Wayne Forest Plan Overturned

The Sixth Circuit Court of Appeals has just issued a remarkable opinion on the Sierra Club's appeal of the forest plan for the Wayne National Forest. The Wayne plan was intriguing because it designated close to 90 percent of the national forest to a timber-emphasis prescription--more than any other forest plan in the Eastern Region.

The Sierra Club and an Ohio group called the Citizens Council on Conservation and Environmental Control unsuccessfully appealed the plan and then took it to court. But the district court ruled that the plan was adequate under the National Forest Management Act.

On appeal, however, the Sixth Circuit took a very different view. An opinion written by Judge Bryce Martin ruled that the plan was "biased" and "arbitrary" and ordered that the plan be redone.

The court was particularly impressed by the fact that so much of the forest was allocated not just to timber cutting but to clearcutting. NFMA, noted the court, allows clearcutting only when "consistent with the protection of soil, watershed, fish, wildlife, recreation, and aesthetic resources, and the regeneration of the timber resource." The court interpreted this to mean that clearcutting would "be used only in exceptional circumstances. Yet, the defendents would utilize even-aged management logging as if it were the statutory rule."

The court also noted that the decision to use so much clearcutting was based on a biased plan. As an example, the court cited agency claims that timber cutting would increase recreation values. But "Most recreation does not require timber havesting, however. . . . in fact, recreation like fishing and hiking is harmed by clearcutting."

Courts normally give agencies "the benefit of the presumption of good faith." But the majority opinion in this case challenged that view. Forest planning is not a "neutral process," said the court, but "a political process replete with opportunities for the intrusion of bias and abuse."

Moreover, the court noted that the Forest Service has an incentive to be biased. "The Forest Service budgeting process, which allows the Forest Service to keep a percentage of the funds it realizes from timber sales, provides an incentive for the Forest Service to sell timber below cost or at a loss. Also, to maximize its budget, the Fores Service uses expensive timber management and reforestation techniques, such as clearcutting. . . . Consequently, decisions may be made, not because they are in the best interest of the American people but because they benefit the Forest Service's fiscal interest."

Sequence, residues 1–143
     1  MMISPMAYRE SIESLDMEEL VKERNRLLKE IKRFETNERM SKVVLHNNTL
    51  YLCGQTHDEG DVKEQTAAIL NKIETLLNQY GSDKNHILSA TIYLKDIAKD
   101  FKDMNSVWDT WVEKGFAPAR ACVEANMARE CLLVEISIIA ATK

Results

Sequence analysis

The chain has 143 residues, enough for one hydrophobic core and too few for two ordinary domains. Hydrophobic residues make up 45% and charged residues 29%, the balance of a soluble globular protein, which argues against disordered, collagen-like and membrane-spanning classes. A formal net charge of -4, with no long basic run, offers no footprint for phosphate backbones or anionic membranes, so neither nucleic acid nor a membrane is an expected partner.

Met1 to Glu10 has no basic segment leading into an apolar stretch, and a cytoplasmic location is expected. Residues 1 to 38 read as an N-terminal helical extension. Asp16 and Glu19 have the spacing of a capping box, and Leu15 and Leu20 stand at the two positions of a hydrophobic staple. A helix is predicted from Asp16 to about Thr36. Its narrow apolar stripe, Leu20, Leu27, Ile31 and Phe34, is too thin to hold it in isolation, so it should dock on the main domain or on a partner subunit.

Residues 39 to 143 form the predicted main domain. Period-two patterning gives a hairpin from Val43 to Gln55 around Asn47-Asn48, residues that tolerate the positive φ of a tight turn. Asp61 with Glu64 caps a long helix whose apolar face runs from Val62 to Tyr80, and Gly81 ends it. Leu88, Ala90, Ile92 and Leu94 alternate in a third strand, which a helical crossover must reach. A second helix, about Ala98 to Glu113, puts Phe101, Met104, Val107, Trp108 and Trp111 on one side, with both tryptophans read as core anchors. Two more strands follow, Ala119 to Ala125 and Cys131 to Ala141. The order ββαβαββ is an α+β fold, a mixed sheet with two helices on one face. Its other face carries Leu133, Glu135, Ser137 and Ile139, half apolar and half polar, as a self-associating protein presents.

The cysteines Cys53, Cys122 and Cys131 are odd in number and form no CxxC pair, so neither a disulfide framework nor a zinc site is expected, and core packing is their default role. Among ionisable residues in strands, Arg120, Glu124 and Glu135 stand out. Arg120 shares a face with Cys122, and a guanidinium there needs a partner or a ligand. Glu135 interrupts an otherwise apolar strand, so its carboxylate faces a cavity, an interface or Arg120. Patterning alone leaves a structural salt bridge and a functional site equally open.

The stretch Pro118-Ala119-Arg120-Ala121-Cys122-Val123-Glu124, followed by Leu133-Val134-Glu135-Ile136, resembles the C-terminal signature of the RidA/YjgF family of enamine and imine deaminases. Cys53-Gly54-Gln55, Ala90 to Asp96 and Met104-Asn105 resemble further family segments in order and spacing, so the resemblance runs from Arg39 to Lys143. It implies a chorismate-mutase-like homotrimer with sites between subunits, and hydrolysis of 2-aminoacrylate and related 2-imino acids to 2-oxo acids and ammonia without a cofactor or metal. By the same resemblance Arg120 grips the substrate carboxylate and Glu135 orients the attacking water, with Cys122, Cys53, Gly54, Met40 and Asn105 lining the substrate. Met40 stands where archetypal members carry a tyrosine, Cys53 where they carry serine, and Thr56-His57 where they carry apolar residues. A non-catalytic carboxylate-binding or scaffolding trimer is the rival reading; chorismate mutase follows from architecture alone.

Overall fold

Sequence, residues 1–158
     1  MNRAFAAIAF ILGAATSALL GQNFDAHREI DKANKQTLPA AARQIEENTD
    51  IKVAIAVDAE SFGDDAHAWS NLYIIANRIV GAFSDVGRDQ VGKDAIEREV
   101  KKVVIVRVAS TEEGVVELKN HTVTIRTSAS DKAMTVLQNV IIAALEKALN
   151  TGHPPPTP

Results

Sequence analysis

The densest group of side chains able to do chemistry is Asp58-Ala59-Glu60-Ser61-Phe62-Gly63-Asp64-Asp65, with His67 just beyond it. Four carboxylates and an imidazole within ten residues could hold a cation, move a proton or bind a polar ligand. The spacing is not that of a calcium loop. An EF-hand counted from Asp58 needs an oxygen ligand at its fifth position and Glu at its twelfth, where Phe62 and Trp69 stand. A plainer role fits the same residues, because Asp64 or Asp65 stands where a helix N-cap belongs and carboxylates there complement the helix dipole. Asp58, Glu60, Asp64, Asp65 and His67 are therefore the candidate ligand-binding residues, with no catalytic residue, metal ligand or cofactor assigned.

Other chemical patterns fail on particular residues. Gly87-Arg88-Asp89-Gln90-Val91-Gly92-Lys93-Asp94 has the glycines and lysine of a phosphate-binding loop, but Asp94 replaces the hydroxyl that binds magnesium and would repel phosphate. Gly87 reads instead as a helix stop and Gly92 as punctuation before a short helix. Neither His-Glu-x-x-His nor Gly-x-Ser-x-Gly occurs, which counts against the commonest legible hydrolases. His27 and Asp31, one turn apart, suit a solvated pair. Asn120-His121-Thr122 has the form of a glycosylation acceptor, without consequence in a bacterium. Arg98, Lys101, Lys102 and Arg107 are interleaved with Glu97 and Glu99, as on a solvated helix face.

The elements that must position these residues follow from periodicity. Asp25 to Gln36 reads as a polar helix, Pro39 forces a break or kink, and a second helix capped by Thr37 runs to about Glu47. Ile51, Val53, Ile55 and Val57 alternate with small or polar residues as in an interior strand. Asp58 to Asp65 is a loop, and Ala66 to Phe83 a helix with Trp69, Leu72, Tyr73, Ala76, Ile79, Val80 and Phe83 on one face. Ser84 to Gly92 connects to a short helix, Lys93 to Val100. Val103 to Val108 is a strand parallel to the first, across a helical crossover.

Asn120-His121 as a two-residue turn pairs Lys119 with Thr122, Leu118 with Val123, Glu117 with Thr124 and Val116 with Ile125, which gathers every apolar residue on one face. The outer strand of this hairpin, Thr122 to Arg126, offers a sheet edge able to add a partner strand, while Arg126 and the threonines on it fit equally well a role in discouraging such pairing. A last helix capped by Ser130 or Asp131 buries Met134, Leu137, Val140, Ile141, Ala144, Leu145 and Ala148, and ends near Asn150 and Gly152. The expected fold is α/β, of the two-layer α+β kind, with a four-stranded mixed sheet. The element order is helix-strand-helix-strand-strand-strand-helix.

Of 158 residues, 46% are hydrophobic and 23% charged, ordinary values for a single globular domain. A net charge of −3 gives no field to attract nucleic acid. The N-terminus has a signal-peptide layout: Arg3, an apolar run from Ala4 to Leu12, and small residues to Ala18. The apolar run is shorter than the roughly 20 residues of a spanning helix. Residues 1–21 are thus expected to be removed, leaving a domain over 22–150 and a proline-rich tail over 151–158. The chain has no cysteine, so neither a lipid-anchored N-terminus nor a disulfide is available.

The court went on to say that "Each of these biases undermines even the facial neutrality of the National Forest Management Act. Even when there may be more valuable uses for the land, the above biases and constraints cause the Forest Service to manage primarily to maximize timber outputs."

Of the three-member panel that heard the case, one dissented from this view of a biased agency. While agreeing that the plan was illegal, and not disagreeing that the agency was biased, Judge Alice Batchelder wrote that "Our speculation about the motives and biases of the Forest Service, even if accurate, is unnecessary, and therefore, ought not to be voiced in this opinion."

Long before this case reached the circuit court, both Judges Martin and Batchelder (but not the third judge on this panel) attended environmental law conferences for judges sponsored by the Foundation for Research on Economics and the Environment (FREE). I had the privilege of speaking at these conferences about the incentives facing national forest managers. I know that my presentations made a particular impression on Judge Martin, who cited my book, Reforming the Forest Service, in his opinion on the Wayne Forest.

Fred Gittes, the attorney on this case, deserves a lot of credit for persuading the panel in both written and oral argument that the plan was inadequate. But the background information that I was able to provide Judge Martin at the FREE conference may have tipped the balance. After all, if judges presume that the Forest Service acts in good faith, then they are likely to dismiss accusations of bias on the part of plaintiffs.

Judge Batchelder obviously did not think it necessary to challenge the presumption of an unbiased Forest Service to agree that the plan was inadequate. But knowing of those biases may have helped persuade her that the agency might be predisposed to writing inept plans.

Environmentalists in other circuits, most of which haven't been so ready to dismiss Forest Service claims of objectivity, should take some time outside the courtroom educating the general public about why the Forest Service would have an incentive to endorse timber cutting even when other resources are more valuable.

Electronic Drummer | Public Lands | Subsidies Anonymous